From as far back as I can remember I thought about what kind of family I would have. I knew I wanted to get married, I knew I wanted a wedding, and I knew that with those things came babies. Society had already left its mark on me. Motherhood was a given.

I assumed that by the age of 30 I would have the husband and babies I’d always expected. But as time went on and I had many different relationships throughout high school and college — all of them high stress, all of them intense, and all of them toxic in some way — a wedding and motherhood seemed further and further away.

Right after college, my childhood friends started getting engaged and married, and soon after that, they started having babies. While I left the country on a soul-searching, party fest to Cancun at the age of 24, my friends were putting down roots. Meanwhile I had a substance use problem that was keeping me from pursuing my dreams.

They were planning their lives, starting 401Ks, saving money for their future children, and buying houses. I was avoiding so-called “real life,” trying to find jobs that weren’t 9 to 5, and fleeing from any sense of responsibility. At that time in my life, I wasn’t sure if I even wanted kids anymore. I certainly didn’t feel like I would ever be able to take care of another human being.

Then, in Cancun, I met Fernando and got sober. After five years of dating, we were married, and I’ve never doubted that I want to have a family with him. But throughout our relationship, my worry about running out of time to have a baby has competed with my fears about having one in the first place.

When I turned 30, all I could think about was my biological clock, the fact that I wasn’t married, and how old I would be when I finally starting having babies. When Fernando and I finally did marry last year I was 31, and a few months ago I turned 32. I love the life we’ve built together.

Many of my friends are now on their second, and even third, babies. My sister had her first baby over a year and a half ago, and I’ve enjoyed becoming an aunt more than I can express — seeing my nephew take his first breath changed me. And yet, I can’t help but admit that, lately, I am still terrified of becoming a mom.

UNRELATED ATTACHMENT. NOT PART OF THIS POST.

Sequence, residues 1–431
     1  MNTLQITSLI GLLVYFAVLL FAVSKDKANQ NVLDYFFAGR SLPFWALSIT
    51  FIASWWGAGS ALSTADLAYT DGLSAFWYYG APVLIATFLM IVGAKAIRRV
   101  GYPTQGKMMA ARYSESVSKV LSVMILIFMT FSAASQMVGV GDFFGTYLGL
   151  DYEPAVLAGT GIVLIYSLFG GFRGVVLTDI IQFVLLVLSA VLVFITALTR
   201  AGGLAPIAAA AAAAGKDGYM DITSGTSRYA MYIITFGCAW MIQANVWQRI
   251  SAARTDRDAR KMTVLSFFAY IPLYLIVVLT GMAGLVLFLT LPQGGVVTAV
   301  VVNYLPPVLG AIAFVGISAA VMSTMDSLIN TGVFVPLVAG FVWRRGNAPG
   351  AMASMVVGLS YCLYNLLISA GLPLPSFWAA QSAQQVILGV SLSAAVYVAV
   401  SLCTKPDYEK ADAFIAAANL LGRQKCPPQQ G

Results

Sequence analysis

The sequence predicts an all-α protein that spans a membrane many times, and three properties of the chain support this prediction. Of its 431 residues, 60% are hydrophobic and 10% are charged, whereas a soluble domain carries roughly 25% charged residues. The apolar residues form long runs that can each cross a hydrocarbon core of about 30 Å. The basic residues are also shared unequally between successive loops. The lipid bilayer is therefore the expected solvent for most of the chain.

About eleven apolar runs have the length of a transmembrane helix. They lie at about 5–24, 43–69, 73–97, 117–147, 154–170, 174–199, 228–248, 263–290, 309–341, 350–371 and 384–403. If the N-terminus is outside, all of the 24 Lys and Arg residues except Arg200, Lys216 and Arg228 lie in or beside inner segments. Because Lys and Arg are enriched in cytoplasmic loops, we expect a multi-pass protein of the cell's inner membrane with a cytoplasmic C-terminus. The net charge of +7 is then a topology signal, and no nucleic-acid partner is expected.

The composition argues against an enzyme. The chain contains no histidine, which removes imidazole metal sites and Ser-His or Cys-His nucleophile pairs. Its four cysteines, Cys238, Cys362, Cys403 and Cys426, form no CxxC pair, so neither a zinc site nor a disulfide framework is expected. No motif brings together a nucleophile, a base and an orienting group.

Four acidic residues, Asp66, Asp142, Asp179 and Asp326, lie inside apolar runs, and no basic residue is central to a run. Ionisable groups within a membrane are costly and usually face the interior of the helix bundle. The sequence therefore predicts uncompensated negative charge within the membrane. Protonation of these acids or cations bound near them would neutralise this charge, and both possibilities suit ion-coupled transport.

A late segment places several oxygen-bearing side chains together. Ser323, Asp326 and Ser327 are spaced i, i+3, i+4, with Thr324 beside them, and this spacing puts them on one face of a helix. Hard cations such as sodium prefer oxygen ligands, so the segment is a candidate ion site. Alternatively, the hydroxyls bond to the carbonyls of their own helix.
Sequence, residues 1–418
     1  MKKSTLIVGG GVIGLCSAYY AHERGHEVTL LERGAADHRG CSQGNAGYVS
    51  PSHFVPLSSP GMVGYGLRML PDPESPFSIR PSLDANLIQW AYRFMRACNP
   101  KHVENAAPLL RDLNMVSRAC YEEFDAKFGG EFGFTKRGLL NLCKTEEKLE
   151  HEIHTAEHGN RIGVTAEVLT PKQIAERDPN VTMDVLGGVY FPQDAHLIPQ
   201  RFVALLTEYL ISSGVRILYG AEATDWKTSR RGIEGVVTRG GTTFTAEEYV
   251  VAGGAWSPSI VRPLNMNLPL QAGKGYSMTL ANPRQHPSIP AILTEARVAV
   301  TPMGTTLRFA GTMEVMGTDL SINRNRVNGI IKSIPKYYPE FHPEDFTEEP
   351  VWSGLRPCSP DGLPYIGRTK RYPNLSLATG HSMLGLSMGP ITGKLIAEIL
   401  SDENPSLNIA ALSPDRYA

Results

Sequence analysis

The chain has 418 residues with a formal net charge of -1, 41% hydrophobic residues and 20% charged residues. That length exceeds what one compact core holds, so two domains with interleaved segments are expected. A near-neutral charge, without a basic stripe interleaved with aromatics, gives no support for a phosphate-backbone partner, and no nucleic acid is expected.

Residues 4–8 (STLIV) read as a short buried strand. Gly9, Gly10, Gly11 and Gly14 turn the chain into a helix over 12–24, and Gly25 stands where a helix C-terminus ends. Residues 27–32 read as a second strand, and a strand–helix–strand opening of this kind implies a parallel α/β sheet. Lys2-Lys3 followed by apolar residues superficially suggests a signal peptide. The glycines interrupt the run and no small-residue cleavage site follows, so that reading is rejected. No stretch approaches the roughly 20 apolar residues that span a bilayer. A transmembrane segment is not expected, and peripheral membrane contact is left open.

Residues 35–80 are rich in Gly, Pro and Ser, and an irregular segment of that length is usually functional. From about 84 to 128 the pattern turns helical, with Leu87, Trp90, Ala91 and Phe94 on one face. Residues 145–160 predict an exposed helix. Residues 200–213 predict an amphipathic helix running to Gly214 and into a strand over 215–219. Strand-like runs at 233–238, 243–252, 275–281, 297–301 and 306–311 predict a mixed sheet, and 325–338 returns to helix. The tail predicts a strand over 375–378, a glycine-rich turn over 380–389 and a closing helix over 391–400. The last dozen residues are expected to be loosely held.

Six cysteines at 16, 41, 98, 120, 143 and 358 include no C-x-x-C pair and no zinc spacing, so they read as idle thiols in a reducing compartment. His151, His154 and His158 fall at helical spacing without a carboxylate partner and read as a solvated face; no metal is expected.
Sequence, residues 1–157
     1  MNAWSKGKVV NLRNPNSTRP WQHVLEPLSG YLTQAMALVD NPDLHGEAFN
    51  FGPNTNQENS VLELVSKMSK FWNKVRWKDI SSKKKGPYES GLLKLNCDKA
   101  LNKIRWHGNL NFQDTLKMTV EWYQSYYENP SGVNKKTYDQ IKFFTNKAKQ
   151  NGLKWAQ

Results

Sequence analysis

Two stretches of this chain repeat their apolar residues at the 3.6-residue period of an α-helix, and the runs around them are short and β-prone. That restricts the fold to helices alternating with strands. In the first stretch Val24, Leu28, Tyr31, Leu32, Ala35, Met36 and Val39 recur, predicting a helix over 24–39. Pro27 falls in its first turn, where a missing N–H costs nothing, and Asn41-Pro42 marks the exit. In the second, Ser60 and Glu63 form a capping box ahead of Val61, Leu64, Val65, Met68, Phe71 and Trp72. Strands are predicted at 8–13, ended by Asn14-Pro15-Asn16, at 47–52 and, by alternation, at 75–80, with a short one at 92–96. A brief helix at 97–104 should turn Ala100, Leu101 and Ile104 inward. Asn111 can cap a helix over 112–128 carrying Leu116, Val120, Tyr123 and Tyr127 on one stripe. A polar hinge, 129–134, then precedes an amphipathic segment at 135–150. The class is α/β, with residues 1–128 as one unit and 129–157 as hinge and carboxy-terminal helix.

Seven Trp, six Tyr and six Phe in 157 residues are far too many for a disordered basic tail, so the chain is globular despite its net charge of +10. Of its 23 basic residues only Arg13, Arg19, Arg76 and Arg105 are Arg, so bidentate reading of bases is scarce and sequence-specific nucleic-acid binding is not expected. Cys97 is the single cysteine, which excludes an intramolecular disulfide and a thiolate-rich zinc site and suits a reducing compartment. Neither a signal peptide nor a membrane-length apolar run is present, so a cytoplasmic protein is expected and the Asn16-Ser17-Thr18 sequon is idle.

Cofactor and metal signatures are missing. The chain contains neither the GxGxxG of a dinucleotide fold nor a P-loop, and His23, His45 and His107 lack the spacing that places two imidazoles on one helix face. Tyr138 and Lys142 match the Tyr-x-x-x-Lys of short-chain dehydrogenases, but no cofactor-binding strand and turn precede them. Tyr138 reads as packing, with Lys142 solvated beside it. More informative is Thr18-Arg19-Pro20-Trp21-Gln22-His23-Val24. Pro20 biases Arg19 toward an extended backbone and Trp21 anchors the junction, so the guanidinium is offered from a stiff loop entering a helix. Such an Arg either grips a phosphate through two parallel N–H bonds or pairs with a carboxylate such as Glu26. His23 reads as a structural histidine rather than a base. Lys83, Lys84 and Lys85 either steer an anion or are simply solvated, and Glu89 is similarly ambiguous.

On the surface, my fear doesn’t seem to make sense. I am 32 and married and I feel like I should want to start procreating ASAP, and I thought I would by now. Instead, I’ve hit a wall of fear. Suddenly it doesn’t matter to me that my biological clock is ticking. Suddenly it doesn’t matter that I might be considered “old” in the world of becoming a mom.

First things first: I don’t feel ready to give up my body to grow a human being. But mostly I’m just plain scared.

I am scared of birth defects, chromosomal abnormalities, learning disabilities, accidents, tragedies, physical and emotional pain. There are so many factors out of my control, so many things that could go wrong.

Part of me believes I have no business trying to raise and guide another human being. Part of me doesn’t even want to try. I feel like I have so much self-development to do and freedom to enjoy that bringing a child into the world doesn’t seem right.

I am also afraid that it could destroy me. Being sober means learning new coping mechanisms that don’t involve drugs and alcohol — learning how to sit with my emotions and not run from the pain — can be described as complicated at best, and overwhelming at worst. How will it affect me as a parent? Will I spend all my motherhood days terrified of what might go wrong, or of how I might screw up my child?

One day I plan to grapple with these questions. But for now, I’m making peace with the idea that it’s not the right time. There are still so many things I am striving to achieve: a thriving career, finishing my book, paying off debts, and traveling. Sleepless nights and poopy diapers terrify me.

I didn’t expect to feel this way at 32, but like with all things that I’ve experienced over these last few years, I will allow myself some grace to embrace the future and the unknown, and to accept that it’s okay to change my mind. It’s my body and my choice and all I need to know at this moment in time is that there’s still time — when I decide that I’m ready.

Do you deal with motherhood ambivalence? Tell us @britandco.

(Photos via Getty)